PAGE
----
A bit on the sources: The US Social Security Administration collects first name data and releases it on their website every year. However, multiple spellings of the same name are not combined, therefore the list isn't entirely what it seems. Per the SSA data, the most popular name given to baby girls in 2008 was Emma. But it comes in at a lower position when multiple spellings of names are combined. I combined spellings myself and present here my adjusted list of most popular names. Go to the SSA site for the original, with all spellings of a name listed separately. Combining spellings is a subjective practice so everyone's mileage may vary.

Germany does not collect official first name data. I usually use this hobbyist source, but there are other lists out there that are not exactly the same. If you've got another source, let me know about it!

(Number in parentheses = number of variant spellings included in Germany top 500 / US top 1000, if more than 1.)

1. Hannah (2)
2. Leonie (2)
3. Lea (2)
4. Lena
5. Mia
6. Anna
7. Emilie (2)
8. Lara
9. Laura
10. Sarah (2)
11. Emma
12. Lilli (3)
13. Marie
14. Lina
15. Maja (2)
16. Johanna
17. Sophie (2)
18. Nele (2)
19. Sophia (2)
20. Amelie

1. Leon
2. Lucas (2)
3. Luca (2)
4. Tim (2)
5. Finn (2)
6. Luis (2)
7. Jonas
8. Felix
9. Paul
10. Maximilian
11. Max
12. Niclas (2)
13. Julian
14. Ben
15. Elias
16. Jan
17. Noah
18. Moritz
19. Philip (2)
20. Jannik (4)

1. Sophia (2)
2. Isabella (3)
3. Emily (5)
4. Madison (4)
5. Olivia (3)
6. Emma
7. Ava (2)
8. Abigail (4)
9. Hailey (8)
10. Madeline (8)
11. Kaitlyn (7)
12. Chloe (3)
13. Addison (5)
14. Brianna (4)
15. Sarah (2)
16. Elizabeth (2)
17. Natalie (5)
18. Kaylee (9)
19. Lily (3)
20. Samantha

1. Aiden (10)
2. Jayden (10)
3. Jacob (2)
4. Michael (2)
5. Ethan (2)
6. Joshua
7. Alexander (2)
8. Daniel
9. Christopher (2)
10. Caden (9)
11. Anthony
12. Matthew (2)
13. William
14. Andrew
15. Nicholas (4)
16. Joseph
17. Christian (3)
18. David
19. Noah
20. Jonathan (4)


Wednesday, May 06, 2009

Can we get some hot water please?

I'm working back at the same place as before. I didn't miss the bathroom there. First, there's only one toilet, and it's always cold in there for some reason. But the real issue is that there is no hot water at the sink, only ice cold!! This is actually a pretty common thing here at public toilets. It's okay now and then - saves them the money to heat the water, I guess. But at work I get seriously chilled washing my hands in the cold water and I feel like I never recover from the chill, then just have to go back in there again later, and wash my hands in the cold-ass water again, and get even more chilled...brrr!! I so look forward to going home at the end of the day to use my own bathroom and use some nice warm water. :) Still, our offices are in a building that is at least interesting and is convenient for me, so I can't really complain otherwise.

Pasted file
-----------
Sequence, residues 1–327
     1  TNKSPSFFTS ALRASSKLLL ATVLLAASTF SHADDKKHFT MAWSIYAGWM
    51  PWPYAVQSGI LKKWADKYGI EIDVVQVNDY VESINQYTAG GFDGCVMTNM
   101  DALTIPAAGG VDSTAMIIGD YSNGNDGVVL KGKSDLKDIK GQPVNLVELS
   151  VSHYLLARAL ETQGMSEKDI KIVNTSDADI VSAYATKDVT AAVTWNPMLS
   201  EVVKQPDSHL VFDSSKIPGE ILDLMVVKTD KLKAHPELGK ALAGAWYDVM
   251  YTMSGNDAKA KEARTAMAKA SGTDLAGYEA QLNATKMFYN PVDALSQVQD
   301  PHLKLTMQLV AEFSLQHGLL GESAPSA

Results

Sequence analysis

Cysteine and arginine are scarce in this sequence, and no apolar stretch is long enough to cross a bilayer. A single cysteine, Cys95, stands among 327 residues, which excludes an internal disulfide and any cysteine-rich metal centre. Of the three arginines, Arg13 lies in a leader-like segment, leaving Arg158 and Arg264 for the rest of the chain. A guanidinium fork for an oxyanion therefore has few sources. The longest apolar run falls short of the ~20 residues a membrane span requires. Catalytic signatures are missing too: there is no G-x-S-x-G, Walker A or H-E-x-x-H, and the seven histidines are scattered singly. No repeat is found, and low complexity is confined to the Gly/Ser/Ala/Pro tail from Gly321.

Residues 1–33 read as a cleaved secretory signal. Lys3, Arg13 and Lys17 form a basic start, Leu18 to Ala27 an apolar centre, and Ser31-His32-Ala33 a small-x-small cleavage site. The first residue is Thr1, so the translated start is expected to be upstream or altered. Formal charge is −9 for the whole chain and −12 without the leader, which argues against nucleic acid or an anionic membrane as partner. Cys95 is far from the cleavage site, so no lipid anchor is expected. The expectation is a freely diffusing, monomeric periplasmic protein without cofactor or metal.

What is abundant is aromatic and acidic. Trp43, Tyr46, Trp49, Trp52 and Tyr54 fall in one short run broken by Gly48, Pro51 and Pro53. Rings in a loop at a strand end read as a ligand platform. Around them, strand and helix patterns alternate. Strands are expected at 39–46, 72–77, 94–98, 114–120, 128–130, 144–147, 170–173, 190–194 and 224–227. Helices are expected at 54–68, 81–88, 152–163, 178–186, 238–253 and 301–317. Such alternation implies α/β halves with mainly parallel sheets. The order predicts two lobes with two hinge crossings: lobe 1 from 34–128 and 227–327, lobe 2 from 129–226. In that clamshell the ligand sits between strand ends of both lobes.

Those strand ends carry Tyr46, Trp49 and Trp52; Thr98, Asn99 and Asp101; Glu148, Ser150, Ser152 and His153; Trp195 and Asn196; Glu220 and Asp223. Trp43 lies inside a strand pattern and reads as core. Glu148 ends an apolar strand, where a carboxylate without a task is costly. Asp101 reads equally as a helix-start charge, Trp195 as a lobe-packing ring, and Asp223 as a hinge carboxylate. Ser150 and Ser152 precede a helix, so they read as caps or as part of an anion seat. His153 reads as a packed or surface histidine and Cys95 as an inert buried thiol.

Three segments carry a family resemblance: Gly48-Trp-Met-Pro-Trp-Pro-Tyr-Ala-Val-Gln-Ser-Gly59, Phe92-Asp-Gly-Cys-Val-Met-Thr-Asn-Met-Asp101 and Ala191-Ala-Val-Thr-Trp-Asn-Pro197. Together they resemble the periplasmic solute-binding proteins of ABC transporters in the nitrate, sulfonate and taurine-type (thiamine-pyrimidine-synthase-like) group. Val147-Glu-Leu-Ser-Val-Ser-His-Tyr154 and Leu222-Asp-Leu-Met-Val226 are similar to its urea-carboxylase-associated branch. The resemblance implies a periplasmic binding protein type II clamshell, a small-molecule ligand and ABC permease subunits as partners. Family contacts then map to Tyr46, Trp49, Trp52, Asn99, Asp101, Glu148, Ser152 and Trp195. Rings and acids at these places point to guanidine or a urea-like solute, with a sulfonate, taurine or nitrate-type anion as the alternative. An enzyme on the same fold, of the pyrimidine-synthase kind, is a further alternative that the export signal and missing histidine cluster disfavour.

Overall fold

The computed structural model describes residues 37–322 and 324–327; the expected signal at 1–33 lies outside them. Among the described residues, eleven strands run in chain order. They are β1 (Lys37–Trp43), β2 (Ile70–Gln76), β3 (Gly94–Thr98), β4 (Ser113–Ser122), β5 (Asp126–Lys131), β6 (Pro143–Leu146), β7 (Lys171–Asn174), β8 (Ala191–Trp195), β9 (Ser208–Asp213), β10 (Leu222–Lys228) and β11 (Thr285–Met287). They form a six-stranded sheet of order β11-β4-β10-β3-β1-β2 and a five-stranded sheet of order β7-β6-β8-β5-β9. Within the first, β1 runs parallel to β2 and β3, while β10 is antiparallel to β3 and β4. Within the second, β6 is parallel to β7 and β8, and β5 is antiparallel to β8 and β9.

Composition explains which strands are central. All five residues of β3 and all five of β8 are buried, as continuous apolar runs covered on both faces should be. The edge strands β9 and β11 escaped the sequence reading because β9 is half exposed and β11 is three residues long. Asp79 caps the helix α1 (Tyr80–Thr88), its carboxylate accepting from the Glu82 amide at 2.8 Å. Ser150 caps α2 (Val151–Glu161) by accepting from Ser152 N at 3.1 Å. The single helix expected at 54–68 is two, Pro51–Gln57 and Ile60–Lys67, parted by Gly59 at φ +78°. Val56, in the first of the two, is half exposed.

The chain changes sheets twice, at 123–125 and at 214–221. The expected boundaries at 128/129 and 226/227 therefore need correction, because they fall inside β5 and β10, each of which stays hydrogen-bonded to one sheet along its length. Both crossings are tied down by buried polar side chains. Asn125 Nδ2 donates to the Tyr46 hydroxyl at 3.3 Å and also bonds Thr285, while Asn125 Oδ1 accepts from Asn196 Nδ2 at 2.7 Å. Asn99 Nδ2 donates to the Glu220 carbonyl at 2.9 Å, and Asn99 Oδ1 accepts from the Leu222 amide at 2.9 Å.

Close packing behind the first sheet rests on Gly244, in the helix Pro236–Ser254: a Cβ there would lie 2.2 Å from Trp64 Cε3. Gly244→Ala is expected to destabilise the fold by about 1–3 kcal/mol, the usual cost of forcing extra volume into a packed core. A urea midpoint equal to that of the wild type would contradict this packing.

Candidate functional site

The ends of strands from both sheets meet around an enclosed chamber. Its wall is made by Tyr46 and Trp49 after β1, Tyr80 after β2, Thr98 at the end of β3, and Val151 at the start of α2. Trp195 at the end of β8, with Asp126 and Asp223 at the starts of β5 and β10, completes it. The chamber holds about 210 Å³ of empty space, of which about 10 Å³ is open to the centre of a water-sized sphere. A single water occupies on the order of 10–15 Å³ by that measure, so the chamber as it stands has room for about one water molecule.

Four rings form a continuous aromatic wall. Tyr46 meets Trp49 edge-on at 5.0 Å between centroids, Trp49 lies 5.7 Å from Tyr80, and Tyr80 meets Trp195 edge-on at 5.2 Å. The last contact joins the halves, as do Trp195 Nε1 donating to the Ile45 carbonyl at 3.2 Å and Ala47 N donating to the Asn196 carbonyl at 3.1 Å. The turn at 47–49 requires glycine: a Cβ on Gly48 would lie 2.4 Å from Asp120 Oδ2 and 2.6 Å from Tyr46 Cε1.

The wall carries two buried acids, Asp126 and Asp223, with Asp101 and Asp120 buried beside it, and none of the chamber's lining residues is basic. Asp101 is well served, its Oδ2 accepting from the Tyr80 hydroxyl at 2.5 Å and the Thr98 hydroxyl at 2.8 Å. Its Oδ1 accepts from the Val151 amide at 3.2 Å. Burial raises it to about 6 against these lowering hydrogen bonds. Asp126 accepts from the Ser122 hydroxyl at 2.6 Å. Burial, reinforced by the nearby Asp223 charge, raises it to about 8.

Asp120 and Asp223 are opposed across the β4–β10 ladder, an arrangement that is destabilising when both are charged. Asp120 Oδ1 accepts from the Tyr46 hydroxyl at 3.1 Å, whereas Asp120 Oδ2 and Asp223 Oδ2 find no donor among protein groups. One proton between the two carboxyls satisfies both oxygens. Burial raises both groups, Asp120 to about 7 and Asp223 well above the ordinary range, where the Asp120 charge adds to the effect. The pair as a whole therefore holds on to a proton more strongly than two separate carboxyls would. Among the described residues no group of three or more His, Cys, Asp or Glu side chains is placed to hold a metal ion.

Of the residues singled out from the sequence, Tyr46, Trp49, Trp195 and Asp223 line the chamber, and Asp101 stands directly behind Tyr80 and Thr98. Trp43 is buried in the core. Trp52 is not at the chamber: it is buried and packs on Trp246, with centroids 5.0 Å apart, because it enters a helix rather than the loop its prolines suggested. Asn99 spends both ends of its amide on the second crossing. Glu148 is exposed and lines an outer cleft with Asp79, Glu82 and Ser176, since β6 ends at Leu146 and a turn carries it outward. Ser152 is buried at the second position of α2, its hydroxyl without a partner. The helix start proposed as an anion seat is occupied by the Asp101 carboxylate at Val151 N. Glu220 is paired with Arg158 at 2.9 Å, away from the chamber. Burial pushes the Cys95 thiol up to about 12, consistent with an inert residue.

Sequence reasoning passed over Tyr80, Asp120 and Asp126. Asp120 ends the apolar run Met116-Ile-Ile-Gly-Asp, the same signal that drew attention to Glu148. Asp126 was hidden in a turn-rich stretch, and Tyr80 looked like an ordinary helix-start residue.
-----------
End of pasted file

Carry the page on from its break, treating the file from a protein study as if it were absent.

In other news, it's almost name-nerd Christmas!! On Mother's Day the new name statistics for the US for the previous year are usually released. When they are, I'll post them here in a comparison with the most popular German names. In other name news, the German Constitutional Court ruled yesterday that people can't have triple or higher hyphenated last names. From the article:

Frieda Rosemarie Thalheim, a Munich dentist, wanted to take the last name of her husband, Hans Peter Kunz-Hallstein, to become Frieda Rosemarie Thalheim-Kunz-Hallstein. The case brought Germany’s minister of justice before the court in Karlsruhe for oral arguments in February to defend the ban on what the Germans call “chain names.”

By a vote of five to three, the court refused to budge, ruling that ballooning names “would quickly lose the effectiveness of their identifying purpose,” and declined to overturn the law on the grounds that it infringed on personal expression.

In a telephone interview, the couple’s lawyer, Rüdiger Zuck, said his clients had no comment on the ruling, but added, with what sounded distinctly like a note of resignation, “The Germans are old-fashioned.”